Brazil: Mexico dragging feet on Odebrecht corruption scandal
Brazilian prosecutors say evidence that could shed light on bribes paid in Mexico by construction giant Odebrecht has been held up because Mexican prosecutors have refused to sign off on terms for exchanging information.
Across Latin America, prosecutors have been pressing charges in recent years against politicians accused of corruption in the scandal involving Brazilian construction giant Odebrecht, which has admitted to paying US$800 million in bribes in the region.
But not in Mexico.
Evidence that could shed light on bribes paid by the company in Mexico has been held up in Brazil for more than a year because Mexican prosecutors have refused to sign off on terms necessary for an exchange of information, Brazilian prosecutors told The Associated Press this week.
They said signing the document is "mandatory" for Mexico to be able to use the information, which has been provided by Odebrecht executives and witnesses under plea agreements reached with the nation's Public Ministry.
About a dozen other countries from Panama to Peru signed agreements with Brazil similar to the one required of Mexico, and used the evidence to go after officials as high as presidents and vice-presidents.
Mexico and Venezuela, however, are two notable exceptions. No one in either nation has been formally charged in the Odebrecht scandal even though there are indications that bribes were paid in the countries.
The Mexican federal Attorney General's Office did not respond to multiple requests for comment.
In late 2016, Odebrecht and Braskem, a petrochemical subsidiary, reached an agreement with American, Brazilian and Swiss justice officials to pay US$3.5 billion in penalties in what the US Department of Justice called "the largest foreign bribery case in history."
As part of that, Odebrecht divulged details on bribes across several countries. It said it paid US$10.5 million to officials at Mexico's state-run oil company, Petroleos Mexicanos, or Pemex, between 2010 and 2014.
The following year the scandal erupted in Mexico with the emergence of a series of videos of testimony from former Odebrecht executives, including the ex-director of Odebrecht Mexico, Luís de Meneses, directly implicating Pemex's former chief, Emilio Lozoya.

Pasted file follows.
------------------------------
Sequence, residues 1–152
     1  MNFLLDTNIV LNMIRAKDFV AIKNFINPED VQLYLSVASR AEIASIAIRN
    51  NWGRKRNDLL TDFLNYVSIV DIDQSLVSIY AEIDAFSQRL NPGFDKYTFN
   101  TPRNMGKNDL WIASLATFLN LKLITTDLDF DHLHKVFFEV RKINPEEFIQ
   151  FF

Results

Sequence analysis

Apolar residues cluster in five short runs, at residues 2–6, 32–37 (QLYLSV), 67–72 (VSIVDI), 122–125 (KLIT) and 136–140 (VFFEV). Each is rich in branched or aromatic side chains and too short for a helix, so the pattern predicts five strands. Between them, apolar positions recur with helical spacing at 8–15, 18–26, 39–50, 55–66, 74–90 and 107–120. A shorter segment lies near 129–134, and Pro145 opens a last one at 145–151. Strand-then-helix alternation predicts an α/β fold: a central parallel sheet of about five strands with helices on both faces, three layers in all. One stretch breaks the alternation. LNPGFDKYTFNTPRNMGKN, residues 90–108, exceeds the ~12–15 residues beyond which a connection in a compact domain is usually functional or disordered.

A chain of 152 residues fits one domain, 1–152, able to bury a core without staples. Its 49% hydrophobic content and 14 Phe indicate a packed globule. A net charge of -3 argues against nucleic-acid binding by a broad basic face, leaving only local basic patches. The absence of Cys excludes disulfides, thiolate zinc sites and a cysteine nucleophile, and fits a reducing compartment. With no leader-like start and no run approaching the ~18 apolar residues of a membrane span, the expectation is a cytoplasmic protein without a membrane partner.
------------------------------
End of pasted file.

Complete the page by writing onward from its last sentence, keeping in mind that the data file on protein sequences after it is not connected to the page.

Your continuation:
Lozoya, who in 2012 worked on the electoral campaign of current President Enrique Peña Nieto and for his Institutional Revolutionary Party (PRI) has denied receiving bribes.
In the videos, the Odebrecht executives provide details on how de Meneses allegedly helped them land contracts and how they paid him for greasing the wheels.
Despite that evidence, there has been no sign from Mexican prosecutors that the investigation has advanced. They say they have interviewed 19 current and former Pemex officials as well several Odebrecht executives, including convicted ex-CEO Marcelo Bahia Odebrecht.
But Mexican prosecutor also say they are still waiting for Brazil to provide its evidence.
Brazilian prosecutors say Mexico is to blame for the hold-up.
"The Brazilian prosecutor's office has been waiting for the Mexican prosecutor's office to sign the terms of agreement regarding the plea bargain of Odebrecht executives since August 2017," the office said. "Signing this document is mandatory so Mexico's Public Ministry may use information supplied by the collaborators."
"To have access to the information," it continued, "interested countries must respect rules such as refraining from using the information against the collaborators. Since the Mexican prosecutors' office still has not signed the terms or justified why it has not signed them, the Brazilian prosecutors' office is not in a position to pass on the requested information."
Furthermore, the office added, it is still waiting for Mexico to correct errors in documentation.
In a statement issued in August 2017, Mexican prosecutors said Odebrecht representatives had offered "a reparations agreement which has not been accepted," but it not known if that agreement was related to the current holdup.
Experts say Mexico's lack of interest in prosecuting the case appears to be politically motivated.
"In the case of Mexico, it has to do with the lack of an independent attorney general and, I assume, it has to do with people around the president ... who are also linked to the case," said Jose Ugaz, president of the Transparency International chapter of Peru.